ELMHURST—At approximately 2 p.m. on Jan. 17, I became aware that two of my peers at my old middle school . I was just shocked and horrified. I wondered, how did such an event occur? At first I considered that it may have been a typical house fire, but it wasn’t. The mom’s ex-boyfriend, Cedric Anderson, murdered the mom, Ursula Nailor; her two sons, Dan Nailor and Darnell Holt; and their cousin, Dominique Robinson. Then, he set their house ablaze to try to get rid of evidence.
Dan was only 13 years old and we knew each other since 2006. I never considered that anyone I knew would die so young. I can still hear him as he went down the hallway saying, "Hey," in his deep voice to everyone he saw.
Darnell was in the same grade as my brother. He was on my track team for two years at Albright Middle School. He graduated last year and was a freshman at Willowbrook High School, and age 16. He was always nice to my brother and myself. One time we were in track, right before my race. He knew I was not that confident and told me that anything is possible and it did not matter how much taller or stronger the other competitors were. He said I could persevere and I had the potential to win. He was one of the kindest kids I knew. I thought we would all be here on earth the next day but sadly not.
Things like this are tragic, and I am always wondering, "Why did this man kill them and set the house ablaze to cover it all up. What did they do to deserve this?" My answer is, they didn’t. They were absolutely too young to die. Their cousin just happened to be there that night. She wasn’t even a target, except for the fact he didn’t want anyone to tell on him; so he killed her too.
Why do tragedies happen? Just because one man gets upset doesn’t mean a person or people should die. If you look back at history, this has been a major issue and it needs to be put to an end.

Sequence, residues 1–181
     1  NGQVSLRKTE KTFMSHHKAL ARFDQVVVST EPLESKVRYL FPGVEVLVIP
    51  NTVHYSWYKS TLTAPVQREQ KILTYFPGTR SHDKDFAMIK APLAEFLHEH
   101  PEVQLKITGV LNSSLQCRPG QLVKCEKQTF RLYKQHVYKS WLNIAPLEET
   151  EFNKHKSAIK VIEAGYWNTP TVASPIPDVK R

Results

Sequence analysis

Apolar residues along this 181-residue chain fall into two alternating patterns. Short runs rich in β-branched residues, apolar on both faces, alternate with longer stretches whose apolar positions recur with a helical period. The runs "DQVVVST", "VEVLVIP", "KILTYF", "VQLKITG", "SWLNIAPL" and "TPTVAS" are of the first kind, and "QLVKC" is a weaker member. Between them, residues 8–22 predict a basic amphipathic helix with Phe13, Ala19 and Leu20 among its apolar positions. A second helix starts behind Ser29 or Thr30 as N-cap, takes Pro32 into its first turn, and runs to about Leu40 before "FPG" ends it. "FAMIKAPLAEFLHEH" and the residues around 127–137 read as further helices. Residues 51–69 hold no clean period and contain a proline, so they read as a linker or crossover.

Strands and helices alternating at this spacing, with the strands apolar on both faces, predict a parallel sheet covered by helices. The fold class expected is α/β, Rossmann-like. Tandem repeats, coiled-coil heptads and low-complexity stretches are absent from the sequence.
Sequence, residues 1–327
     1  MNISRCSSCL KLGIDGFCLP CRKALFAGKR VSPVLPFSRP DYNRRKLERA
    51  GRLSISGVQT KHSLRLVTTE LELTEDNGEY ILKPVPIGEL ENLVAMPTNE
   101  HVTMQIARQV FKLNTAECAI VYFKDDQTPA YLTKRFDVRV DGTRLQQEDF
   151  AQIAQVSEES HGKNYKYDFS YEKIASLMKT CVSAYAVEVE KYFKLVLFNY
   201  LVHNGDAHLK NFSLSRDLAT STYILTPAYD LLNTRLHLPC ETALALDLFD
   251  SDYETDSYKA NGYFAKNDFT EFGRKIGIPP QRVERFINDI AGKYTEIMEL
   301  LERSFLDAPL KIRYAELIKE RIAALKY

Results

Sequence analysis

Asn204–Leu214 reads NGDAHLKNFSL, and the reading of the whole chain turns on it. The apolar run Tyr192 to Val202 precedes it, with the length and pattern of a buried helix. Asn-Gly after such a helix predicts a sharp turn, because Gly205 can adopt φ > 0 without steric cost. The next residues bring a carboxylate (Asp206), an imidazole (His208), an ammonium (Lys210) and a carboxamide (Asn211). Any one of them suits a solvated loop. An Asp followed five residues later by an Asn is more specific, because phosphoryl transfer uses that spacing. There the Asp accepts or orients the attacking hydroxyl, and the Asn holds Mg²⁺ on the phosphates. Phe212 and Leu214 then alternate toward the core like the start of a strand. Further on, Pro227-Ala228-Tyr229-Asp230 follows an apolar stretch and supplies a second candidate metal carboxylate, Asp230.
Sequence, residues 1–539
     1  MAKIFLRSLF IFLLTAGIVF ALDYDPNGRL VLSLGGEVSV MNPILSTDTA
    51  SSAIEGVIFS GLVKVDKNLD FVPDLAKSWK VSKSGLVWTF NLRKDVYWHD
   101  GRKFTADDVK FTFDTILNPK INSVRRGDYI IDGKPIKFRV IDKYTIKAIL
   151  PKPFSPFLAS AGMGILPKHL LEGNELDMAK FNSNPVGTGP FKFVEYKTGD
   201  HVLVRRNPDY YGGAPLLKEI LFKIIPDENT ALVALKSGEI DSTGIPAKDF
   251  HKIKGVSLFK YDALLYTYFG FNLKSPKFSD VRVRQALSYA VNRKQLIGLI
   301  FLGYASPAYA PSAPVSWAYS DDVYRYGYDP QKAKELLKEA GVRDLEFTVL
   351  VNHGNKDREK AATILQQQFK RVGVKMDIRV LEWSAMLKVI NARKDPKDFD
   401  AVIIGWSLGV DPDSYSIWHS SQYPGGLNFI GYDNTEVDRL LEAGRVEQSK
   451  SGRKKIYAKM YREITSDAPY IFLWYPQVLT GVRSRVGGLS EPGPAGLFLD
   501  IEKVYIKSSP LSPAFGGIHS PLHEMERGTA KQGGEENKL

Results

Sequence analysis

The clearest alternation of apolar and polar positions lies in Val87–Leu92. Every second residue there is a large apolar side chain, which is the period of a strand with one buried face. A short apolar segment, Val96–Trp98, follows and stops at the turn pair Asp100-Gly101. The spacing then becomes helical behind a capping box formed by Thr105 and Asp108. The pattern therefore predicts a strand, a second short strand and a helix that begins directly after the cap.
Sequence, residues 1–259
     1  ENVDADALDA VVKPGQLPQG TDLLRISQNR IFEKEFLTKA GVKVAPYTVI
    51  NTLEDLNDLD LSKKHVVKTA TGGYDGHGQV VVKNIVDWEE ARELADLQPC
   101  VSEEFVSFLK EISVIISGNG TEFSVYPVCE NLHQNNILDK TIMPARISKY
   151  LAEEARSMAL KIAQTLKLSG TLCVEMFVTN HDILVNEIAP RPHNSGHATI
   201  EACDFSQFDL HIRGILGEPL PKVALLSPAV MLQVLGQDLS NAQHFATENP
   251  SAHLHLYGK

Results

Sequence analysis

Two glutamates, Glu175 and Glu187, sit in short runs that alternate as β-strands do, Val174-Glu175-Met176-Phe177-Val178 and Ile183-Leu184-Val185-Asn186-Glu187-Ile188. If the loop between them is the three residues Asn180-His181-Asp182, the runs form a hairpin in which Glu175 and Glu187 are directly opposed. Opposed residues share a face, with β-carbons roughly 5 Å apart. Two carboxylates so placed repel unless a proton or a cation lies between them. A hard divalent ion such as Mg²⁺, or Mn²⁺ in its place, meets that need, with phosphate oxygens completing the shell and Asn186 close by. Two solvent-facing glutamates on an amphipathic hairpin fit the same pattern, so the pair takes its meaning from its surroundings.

One assumption is that Cedric Anderson was possibly afraid of going to jail. He was recently proven guilty for the possession of heroin, but his sentence was going to be decided by March. If the judge decided to send him to jail sooner, this may not have happened. Another assumption was that he was mad at his ex-girlfriend, Ursula Nailor, because she kicked him out after he came home drunk one night and he wanted revenge. She had said that she didn’t want him around her children if he was going to be a bad influence on them.
After he murdered them and set the house ablaze, he went to his parents’ house, left a suicide note and killed himself there.
Later, on the 17th at 7 p.m., there was a prayer gathering in front of their house where this all took place. Students at Albright wore black, and at Willowbrook they wore red the next day in honor of Dan and Darnell. I was included in all of this too. In front of Willowbrook High School there is a rock which, on the same day, they painted in red and in black, "R.I.P DH," which stands for "Rest in Peace Darnell Holt." At Albright Middle School, Dan’s and four other lockers were covered in notes.
This event was tragic, but to me what is worse are some of the comments posted on Elmhurst Patch about it. One posted by Ken reads, “You leave the ghetto for the suburbs but somehow the ghetto always come back to haunt you.” Another one posted by Jim Court reads, “Chicago has steadily moved Section 8 individuals to the suburbs. Many of the section 8 people are from poorer and lower social classes. Although it is not politically correct to acknowledge this. Many students from these families are also given full scholarships. Elmhurst has seen an increase in crime as well as other suburbs have.”
Jim did apologize and agreed with another person named Tania, who had said that their comments were racist and every race has a ghetto and a low social class. I agree with Tania on both of her opinions. My English teacher told me I wouldn’t find negative comments about this event, but sadly I did.
My brother and I are in the process of putting together a fund-raising dinner and have opened a bank account for donations to help with costs of the funeral, etc. To donate, go to a Harris bank location and you can contribute to the Taken Too Soon Memorial Fund. My brother came up with the idea, so I can’t take much credit. We are working together to get the money and everything in order.
It is going to be hard time without them. Eventually we will move on, but they will always be in our hearts! They are in better place now.
—Rachel Grace Doyle